Top 5 money saving technologies

Sam Jackson

March 18, 2014

November 13, 2018

Top 5 money saving technologies

New tech can be an expensive luxury, but it can also cut costs. To help you navigate your way through the best money savers, we've compiled a list of our favourites: in the order we think you'll need them.

Free money management software

First there was pen and paper. Then came complex spreadsheets. Next up was expensive accounting software. But by far and away the best advance to hit personal finance is free money management software.

With Money Dashboard you can automatically collect the data from all of your accounts in one secure, easy-to-use space. Starting with a clear view is essential if you want to objectively assess the value you're getting from your tech. Otherwise you risk splashing out on an expensive fad.

Impulse avoidance apps

Speaking of avoiding splashing out, there's a rising demand for apps aimed at battling impulse purchases. At a time when shopping apps have never been smarter, and gamification is working hard to make spending more fun than it has any right to be, these apps will be a godsend.

You could check Money Dashboard on the go, of course, but another way to avoid spending is use an app like Urge, which encourages you to fight your impulses, and calculates how much you save by doing so. Merry Miser is a similar app being developed in the UK, but while you wait, try using Pinterest to make your own wish list/savings calculator.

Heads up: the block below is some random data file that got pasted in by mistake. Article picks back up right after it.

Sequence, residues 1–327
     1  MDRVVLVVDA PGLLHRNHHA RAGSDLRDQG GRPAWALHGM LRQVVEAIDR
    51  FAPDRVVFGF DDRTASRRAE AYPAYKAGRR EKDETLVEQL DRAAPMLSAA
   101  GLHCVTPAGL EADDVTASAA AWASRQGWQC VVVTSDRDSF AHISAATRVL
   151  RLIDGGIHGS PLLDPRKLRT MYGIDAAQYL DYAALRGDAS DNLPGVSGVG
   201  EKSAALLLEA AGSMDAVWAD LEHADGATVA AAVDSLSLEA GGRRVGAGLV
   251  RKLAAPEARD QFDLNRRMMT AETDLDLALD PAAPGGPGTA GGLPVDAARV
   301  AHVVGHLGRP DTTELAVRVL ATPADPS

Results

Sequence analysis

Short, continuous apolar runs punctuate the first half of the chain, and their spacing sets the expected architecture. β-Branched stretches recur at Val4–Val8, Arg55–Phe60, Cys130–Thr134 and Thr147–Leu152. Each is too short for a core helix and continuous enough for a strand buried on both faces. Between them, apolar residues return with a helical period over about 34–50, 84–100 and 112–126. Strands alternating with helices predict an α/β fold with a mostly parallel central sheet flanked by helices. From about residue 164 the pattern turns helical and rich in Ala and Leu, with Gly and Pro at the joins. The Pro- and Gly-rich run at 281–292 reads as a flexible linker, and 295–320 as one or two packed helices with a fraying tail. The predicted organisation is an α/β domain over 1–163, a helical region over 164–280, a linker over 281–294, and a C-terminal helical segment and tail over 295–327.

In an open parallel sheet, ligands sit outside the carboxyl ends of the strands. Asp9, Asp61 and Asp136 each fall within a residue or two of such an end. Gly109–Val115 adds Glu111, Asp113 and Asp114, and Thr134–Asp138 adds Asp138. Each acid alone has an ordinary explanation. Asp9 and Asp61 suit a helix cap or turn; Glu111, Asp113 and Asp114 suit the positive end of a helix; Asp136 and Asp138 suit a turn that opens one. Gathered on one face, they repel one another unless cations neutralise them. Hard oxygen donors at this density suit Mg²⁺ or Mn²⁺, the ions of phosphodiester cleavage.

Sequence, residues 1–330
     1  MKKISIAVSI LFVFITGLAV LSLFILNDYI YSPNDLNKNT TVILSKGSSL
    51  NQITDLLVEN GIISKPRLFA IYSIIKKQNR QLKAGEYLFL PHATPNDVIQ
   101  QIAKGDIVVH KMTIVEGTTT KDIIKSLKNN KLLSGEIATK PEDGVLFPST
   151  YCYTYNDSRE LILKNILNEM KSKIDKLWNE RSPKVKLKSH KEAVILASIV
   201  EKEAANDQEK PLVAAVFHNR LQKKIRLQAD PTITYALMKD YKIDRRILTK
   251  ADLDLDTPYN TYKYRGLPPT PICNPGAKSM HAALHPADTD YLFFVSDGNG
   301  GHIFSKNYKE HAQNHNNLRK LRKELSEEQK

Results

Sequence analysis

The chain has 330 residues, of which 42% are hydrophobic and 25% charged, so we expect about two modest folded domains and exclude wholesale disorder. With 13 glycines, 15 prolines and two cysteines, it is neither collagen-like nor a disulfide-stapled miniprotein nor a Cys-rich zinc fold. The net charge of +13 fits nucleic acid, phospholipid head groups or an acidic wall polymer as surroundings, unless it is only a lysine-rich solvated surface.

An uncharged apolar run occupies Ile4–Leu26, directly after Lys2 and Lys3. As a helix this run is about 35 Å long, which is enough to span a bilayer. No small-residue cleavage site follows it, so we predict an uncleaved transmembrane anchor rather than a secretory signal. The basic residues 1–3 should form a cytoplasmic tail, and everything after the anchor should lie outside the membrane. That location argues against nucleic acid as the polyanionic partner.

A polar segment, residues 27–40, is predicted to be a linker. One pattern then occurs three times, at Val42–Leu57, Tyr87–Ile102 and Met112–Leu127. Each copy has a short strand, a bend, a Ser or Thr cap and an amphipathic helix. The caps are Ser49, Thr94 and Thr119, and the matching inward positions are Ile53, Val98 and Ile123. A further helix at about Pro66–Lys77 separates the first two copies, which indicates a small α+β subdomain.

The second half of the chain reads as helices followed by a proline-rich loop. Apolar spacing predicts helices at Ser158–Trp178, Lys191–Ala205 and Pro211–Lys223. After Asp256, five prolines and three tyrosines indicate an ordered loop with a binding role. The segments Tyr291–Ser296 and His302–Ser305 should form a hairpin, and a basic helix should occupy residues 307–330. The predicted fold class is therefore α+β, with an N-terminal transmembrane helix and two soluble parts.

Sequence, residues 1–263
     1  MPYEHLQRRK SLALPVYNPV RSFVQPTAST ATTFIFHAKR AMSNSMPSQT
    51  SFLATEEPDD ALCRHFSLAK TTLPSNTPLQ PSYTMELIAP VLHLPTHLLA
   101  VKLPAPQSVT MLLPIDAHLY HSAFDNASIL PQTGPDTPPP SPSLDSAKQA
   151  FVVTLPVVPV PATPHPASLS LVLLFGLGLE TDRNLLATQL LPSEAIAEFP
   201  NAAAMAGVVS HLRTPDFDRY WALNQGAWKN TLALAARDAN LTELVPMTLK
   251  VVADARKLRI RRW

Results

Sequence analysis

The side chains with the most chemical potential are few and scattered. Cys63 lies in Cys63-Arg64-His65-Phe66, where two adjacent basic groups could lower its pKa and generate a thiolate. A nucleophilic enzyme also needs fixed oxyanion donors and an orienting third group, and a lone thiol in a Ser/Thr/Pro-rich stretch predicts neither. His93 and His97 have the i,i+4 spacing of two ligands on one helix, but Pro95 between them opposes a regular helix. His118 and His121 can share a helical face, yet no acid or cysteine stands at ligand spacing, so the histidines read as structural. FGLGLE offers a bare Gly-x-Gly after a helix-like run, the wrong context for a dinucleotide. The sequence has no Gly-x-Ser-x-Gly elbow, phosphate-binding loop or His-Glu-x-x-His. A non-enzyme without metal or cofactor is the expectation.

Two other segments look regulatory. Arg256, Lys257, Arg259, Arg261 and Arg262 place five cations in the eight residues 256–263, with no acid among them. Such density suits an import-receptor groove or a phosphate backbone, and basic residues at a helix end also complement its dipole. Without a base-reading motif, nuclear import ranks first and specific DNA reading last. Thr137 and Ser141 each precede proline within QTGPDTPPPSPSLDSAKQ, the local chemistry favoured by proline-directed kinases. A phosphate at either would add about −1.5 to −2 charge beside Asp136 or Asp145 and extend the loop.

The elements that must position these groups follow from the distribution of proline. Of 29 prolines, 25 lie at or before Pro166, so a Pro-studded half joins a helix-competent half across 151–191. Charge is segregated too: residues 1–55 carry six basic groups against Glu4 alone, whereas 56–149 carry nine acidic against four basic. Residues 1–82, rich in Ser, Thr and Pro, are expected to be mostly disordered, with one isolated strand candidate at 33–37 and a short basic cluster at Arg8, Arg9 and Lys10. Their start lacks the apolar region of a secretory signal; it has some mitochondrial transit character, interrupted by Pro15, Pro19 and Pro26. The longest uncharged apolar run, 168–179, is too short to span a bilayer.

Smart meters

Smart meters are becoming an incredibly valuable way to monitor and control your energy consumption. Like a Money Dashboard for electricity, a basic smart meter will let you monitor how much energy you use, and judge the effectiveness of the gadgets and tactics you deploy to cut your consumption. They also give you accurate readings, which can help you find the right energy supplier.

You can get even more smart with heating control systems from suppliers like tado and Samsung. Or electrical device control from Belkin. These gadgets let you control your heating and electricals remotely, via wi-fi enabled devices. They can even monitor your habits, and switch appliances on or off based on time of day, temperature or light level.

Internet messengers/phones

There's a reason WhatsApp and Skype sold for big money: they are slowly replacing conventional telecoms. With a generous data plan or basic wi-fi connection, online messaging and phone services massively reduce the cost of communication. Particularly if you're overseas, and subject to crippling roaming charges from your mobile operator.

Online investment tools

After you've saved plenty of money by using these technologies, you'll need to invest it wisely. But getting financial advice can be costly. Thankfully, there's been a huge boom in online services that tap into expertise around the globe and let you choose a more lucrative investment tool without relying on expensive advisors.

eToro is a great example. It's a 'social investment network', meaning you can follow, and even copy, any number of professional traders who are signed up to share tips and track their progress.

Peer-to-peer lenders are another great example. Funding Circle, in particular, gives you control over which businesses you can lend to: so you get to be an angel investor, without the exorbitant capital requirements.

Try our tips for yourself and let us know how you get on in the comments below.

 

Posted by Marc Murphy, Marketing Manager at Money Dashboard.

 

Sam Jackson

Money Dashboard

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